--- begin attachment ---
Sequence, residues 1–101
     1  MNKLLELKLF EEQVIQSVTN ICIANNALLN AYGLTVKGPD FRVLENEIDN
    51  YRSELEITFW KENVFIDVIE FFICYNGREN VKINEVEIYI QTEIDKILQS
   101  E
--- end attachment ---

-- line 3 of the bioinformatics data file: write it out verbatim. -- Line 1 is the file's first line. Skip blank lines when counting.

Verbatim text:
    51  YRSELEITFW KENVFIDVIE FFICYNGREN VKINEVEIYI QTEIDKILQS